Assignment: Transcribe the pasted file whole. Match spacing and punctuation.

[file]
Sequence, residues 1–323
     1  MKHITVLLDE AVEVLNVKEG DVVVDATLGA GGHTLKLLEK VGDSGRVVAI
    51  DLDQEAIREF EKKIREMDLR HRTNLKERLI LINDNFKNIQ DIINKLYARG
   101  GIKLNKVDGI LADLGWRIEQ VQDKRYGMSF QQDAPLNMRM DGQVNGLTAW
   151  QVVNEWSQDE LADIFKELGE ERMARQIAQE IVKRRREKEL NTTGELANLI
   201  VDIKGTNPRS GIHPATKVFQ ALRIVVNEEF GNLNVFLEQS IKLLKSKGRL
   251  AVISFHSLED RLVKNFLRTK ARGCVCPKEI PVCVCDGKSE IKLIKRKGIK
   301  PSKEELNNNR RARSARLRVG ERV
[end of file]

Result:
Sequence, residues 1–323
     1  MKHITVLLDE AVEVLNVKEG DVVVDATLGA GGHTLKLLEK VGDSGRVVAI
    51  DLDQEAIREF EKKIREMDLR HRTNLKERLI LINDNFKNIQ DIINKLYARG
   101  GIKLNKVDGI LADLGWRIEQ VQDKRYGMSF QQDAPLNMRM DGQVNGLTAW
   151  QVVNEWSQDE LADIFKELGE ERMARQIAQE IVKRRREKEL NTTGELANLI
   201  VDIKGTNPRS GIHPATKVFQ ALRIVVNEEF GNLNVFLEQS IKLLKSKGRL
   251  AVISFHSLED RLVKNFLRTK ARGCVCPKEI PVCVCDGKSE IKLIKRKGIK
   301  PSKEELNNNR RARSARLRVG ERV